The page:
Survey shows alarming impact of air pollution on respiratory systems
A survey on outdoor workers between December 2021 and March 2022 in two cities of Jharkhand including capital Ranchi shows alarming impact of ambient air pollution on respiratory systems.
SwitchON Foundation, which works for environment conservation and creating awareness on air pollution impact on health, released the survey carried out on 1,200 respondents from Ranchi and Giridih district, during a discussion on ‘air pollution to asthma’ held at Ranchi on the eve of World Asthma Day, organised by Asian Medical Student Association (AMSA) and South Asian Medical Student Association (SAMSA) and attended by leading chest physicians of Ranchi.,
The survey found a significant number — approximately 46 per cent of children showed respiratory symptoms of cough and 43 per cent of sore throat. While a large percentage of the approximately 57 per cent elderly population showed both chronic and acute symptoms of respiratory diseases — complaining about chest discomfort and 48 per cent of nasal congestion.
Overall, the proportion of the sample suffering from various air pollution related ailments was higher in Giridih than in Ranchi. Nearly 61 per cent of the respondents from Giridih had identified suffering from sneezing compared to 36 per cent from Ranchi. Among the elderly community, 70 per cent from Giridih and 20 per cent from Ranchi suffered from breathlessness. 78 per cent of the above 61 years of age respondents of Giridih suffered from chest discomfort while only 32 per cent had identified the same from Ranchi.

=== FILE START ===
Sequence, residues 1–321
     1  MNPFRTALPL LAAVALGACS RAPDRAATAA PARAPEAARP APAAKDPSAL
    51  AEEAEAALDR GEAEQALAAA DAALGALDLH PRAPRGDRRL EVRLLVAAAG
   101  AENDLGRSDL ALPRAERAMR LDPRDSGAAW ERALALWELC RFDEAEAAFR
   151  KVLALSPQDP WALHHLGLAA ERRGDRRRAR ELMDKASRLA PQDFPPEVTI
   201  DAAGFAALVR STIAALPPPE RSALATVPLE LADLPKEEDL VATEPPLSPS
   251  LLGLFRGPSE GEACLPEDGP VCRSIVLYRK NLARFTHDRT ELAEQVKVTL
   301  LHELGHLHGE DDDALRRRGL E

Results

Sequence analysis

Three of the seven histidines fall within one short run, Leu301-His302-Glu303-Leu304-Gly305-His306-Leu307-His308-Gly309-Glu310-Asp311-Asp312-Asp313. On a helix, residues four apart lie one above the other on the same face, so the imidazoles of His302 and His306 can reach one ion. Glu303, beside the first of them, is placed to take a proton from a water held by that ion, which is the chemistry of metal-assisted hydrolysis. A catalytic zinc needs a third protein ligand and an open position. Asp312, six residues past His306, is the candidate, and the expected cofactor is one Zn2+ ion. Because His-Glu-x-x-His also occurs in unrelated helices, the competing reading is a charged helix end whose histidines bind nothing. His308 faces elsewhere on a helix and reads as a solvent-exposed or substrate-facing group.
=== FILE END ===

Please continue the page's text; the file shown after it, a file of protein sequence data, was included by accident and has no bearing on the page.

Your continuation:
Among the different occupation groups, street cleaners and sweepers were the most vulnerable followed by construction workers as found in the survey. Nearly 37 per cent among street cleaners and 22 per cent among construction workers complained of breathlessness while walking and 53 percent among street cleaners and 48 per cent among construction workers complained of nasal congestion.
Street vendors and drivers also complained of similar health issues.
Speaking at the event, Dr. Dewesh Kumar, assistant professor, department of preventive and social Medicine, RIMS, Ranchi, said: “The survey data from the different clusters of population exposed to outdoor air pollution from regions around Ranchi and Giridih establishes an alarming symptomatic trend. Many of these symptoms are highly allergic in nature, such as nasal symptoms, cough and chest discomfort. Such symptoms are predictors of asthma, as air pollution increases allergic sensitisation.”
Dr Nishith Kumar, consultant, respiratory medicine and interventional pulmonology, at Chest Care Centre and Orchid Medical Centre, Ranchi, said; “There is a definite correlation between polluted environmental exposure and health status. Looking at the current dismal scenario, opting for frequent lung function testing is advisable, especially for the more vulnerable population among construction/factory workers, drivers, miners and the elderly. It can help detect and treat obstructive; restrictive lung diseases promptly.”
Vinay Jaju, managing director of SwitchONE Foundation, said: “Children, elderly population are most vulnerable to air pollution. The writing is on the wall and we have to implement the city clean air action plan with strict action to ensure a proper and healthy atmosphere in the regions.
“There is an urgent need for multiple agencies to work together in promoting pollution control norms and ensuring cleaner air quality for our current and future generation,” said Jaju.
World Asthma Day is organised by the Global Initiative for Asthma, (GINA) a World Health Organisation collaborative organisation founded in 1993 to raise awareness of Asthma worldwide. GINA has chosen ‘Closing Gaps in Asthma Care’ as the theme for the 2022 World Asthma Day.
“These workers and professionals themselves may have little or no control over the sources of outdoor air pollution, particularly given that most of air pollution in Jharkhand is the result of industries, also additional impact from release of hazardous chemical agents, bioaerosols, gasses, and vapours at their workplace,” said SwitchON Foundation spokesperson.